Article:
from Wiktionary, Creative Commons Attribution/Share-Alike License

  • n. Plural form of plantation.


Sorry, no etymologies found.


  • On sugar plantations the profit is much more on each individual; but the risk is greater, and the deaths are generally calculated at one-third of the gang in ten years: this is the cause why slaves _on sugar plantations_ are so miserably fed and clad, for their being rendered less wretched would not make them less susceptible to the epidemic.

    A Ramble of Six Thousand Miles through the United States of America

  • Some people in what we, of course, call Rhode Island, say the word plantations is a hurtful reminder of slavery.

    Rhode Island To Vote On Name Change

  • Act directed that no merchandise from Asia, Africa, or America, including therein English "plantations," as the colonies were then styled, [17] should be imported into England in other than

    Sea Power in its Relations to the War of 1812 Volume 1

  • Replanting long-term plantations is too difficult to finance, says Trevor Gifford, immediate past president of the Commercial Farmers Union.

    Eastern Zimbabwe Plantations Face Grim Future

  • "The yield of production of Indonesian plantations is very low compared with Malaysian plantations."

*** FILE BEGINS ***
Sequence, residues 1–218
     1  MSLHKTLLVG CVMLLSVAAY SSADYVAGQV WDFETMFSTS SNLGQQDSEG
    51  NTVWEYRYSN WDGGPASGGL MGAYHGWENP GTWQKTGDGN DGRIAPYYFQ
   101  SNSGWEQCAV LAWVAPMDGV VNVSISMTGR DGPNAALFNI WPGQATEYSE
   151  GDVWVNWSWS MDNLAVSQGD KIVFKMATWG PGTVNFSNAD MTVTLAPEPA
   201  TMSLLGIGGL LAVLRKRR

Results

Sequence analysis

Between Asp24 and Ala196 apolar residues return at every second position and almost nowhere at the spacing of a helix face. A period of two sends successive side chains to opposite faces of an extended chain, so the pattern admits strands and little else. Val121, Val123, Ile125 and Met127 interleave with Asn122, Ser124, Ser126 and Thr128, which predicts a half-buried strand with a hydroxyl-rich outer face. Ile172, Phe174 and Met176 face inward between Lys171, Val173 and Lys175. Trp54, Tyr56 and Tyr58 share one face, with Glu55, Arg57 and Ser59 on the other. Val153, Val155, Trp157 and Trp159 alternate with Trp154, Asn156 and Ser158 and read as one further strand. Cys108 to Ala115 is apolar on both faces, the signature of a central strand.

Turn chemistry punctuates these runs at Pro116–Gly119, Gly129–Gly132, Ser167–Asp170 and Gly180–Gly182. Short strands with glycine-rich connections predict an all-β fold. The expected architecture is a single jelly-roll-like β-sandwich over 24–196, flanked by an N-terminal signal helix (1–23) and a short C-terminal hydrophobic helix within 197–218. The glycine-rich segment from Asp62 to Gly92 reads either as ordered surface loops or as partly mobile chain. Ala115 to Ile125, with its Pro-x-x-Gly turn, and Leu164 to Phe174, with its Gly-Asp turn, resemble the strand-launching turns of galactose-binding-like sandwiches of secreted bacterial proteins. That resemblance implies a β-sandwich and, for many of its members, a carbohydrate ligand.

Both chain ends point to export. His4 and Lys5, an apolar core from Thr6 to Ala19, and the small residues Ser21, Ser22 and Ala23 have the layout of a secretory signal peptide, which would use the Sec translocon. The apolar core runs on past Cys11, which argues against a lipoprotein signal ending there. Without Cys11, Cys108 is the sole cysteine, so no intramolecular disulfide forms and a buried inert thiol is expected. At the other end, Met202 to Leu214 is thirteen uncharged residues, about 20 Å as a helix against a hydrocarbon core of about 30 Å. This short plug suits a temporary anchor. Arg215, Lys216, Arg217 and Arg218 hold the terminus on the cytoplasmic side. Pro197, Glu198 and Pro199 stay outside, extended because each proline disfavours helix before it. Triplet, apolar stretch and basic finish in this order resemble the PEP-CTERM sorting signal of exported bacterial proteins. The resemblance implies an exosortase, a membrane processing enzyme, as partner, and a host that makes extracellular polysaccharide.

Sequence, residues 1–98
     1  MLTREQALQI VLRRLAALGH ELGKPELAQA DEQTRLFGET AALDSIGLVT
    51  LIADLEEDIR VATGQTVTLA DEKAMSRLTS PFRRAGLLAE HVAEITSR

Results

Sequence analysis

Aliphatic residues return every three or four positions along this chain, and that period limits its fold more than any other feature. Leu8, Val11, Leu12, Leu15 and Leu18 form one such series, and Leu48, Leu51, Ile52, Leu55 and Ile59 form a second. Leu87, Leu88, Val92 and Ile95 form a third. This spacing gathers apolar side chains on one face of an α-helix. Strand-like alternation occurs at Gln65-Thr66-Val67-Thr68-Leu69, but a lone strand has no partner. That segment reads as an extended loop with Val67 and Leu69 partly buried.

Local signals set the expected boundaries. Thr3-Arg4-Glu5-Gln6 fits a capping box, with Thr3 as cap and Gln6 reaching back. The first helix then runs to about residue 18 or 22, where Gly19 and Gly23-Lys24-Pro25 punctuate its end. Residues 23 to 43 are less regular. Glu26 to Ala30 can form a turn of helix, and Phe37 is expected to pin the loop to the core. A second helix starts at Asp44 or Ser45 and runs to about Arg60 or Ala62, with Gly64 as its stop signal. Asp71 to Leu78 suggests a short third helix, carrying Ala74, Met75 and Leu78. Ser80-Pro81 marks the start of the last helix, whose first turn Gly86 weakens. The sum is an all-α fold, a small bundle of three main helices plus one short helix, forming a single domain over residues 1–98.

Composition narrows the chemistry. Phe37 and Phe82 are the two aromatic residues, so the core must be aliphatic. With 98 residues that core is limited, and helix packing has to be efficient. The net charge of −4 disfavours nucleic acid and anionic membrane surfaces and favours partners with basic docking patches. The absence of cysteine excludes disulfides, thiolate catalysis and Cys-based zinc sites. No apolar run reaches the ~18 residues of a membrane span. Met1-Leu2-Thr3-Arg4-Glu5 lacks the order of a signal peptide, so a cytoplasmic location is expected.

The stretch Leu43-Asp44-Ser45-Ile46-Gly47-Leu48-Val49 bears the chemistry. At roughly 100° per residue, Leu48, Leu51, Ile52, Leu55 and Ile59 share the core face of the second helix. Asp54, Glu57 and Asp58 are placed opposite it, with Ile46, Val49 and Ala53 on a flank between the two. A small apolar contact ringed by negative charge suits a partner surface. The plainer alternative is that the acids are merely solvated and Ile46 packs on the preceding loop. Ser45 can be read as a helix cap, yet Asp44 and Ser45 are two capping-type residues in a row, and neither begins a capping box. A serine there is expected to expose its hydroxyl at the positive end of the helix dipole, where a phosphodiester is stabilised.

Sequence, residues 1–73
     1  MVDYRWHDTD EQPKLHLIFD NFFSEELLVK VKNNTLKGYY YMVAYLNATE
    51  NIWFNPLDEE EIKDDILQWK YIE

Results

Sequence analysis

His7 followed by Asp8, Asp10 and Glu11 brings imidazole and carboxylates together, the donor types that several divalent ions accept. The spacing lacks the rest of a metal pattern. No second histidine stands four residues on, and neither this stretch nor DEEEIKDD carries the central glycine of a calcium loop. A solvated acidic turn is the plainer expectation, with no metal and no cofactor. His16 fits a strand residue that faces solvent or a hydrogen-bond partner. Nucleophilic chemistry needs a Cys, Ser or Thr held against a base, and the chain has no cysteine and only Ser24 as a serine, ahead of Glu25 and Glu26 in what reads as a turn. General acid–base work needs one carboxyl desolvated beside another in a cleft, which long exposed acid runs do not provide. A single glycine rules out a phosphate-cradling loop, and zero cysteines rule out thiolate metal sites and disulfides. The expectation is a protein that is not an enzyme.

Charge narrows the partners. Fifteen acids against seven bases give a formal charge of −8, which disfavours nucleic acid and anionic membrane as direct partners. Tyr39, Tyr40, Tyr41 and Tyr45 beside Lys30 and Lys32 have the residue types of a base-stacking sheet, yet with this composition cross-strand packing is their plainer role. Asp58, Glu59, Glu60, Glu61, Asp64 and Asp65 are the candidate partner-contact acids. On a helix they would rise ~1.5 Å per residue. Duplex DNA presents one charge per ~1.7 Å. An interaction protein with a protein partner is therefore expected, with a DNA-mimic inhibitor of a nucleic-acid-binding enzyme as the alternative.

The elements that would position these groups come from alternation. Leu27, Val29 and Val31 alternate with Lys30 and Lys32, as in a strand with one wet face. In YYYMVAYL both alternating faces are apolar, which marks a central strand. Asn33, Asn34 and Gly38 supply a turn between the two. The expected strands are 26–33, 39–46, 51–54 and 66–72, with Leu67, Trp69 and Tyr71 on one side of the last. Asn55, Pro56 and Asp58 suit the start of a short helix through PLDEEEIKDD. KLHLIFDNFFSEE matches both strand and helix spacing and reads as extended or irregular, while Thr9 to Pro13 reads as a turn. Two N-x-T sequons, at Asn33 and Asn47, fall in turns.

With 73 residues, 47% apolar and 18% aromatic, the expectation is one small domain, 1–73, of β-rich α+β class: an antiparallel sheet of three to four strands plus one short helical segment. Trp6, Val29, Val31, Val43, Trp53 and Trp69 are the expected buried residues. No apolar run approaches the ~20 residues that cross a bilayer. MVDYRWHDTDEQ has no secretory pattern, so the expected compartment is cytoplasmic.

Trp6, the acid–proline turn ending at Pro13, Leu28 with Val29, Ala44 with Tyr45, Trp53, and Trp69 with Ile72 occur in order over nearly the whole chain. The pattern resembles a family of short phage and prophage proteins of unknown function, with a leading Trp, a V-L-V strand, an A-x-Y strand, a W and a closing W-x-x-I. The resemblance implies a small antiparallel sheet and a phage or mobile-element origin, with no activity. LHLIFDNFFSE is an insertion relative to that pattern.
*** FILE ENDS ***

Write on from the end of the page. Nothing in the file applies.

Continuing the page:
Businesses Warm to Indonesia's Moratorium on Forest Clearing

  • He said clearing peat swamps for plantations is "a double whammy."

    Scientists Consider the Downside of Palm Oil | Impact Lab

  • The procreation or children of a Commonwealth are those we call plantations, or colonies; which are numbers of men sent out from the Commonwealth, under a conductor or governor, to inhabit a foreign country, either formerly void of inhabitants, or made void then by war.


  • I've also found pockets of grouse loafing in plantations of white and red pine, especially those that haven't been thinned.

    A Ruff Winter

  • Forty-year-old trees on good sites in Hawaiian plantations average 50 cm in diameter and 18 m in height at 6 m x 6 m spacing.

    Chapter 6

  • Unlike the pine trees used in Southern plantations -- which have quietly helped displace tobacco in the region's economy -- eucalyptus can deploy a full canopy of leaves within a few years.

    Signs of the Times


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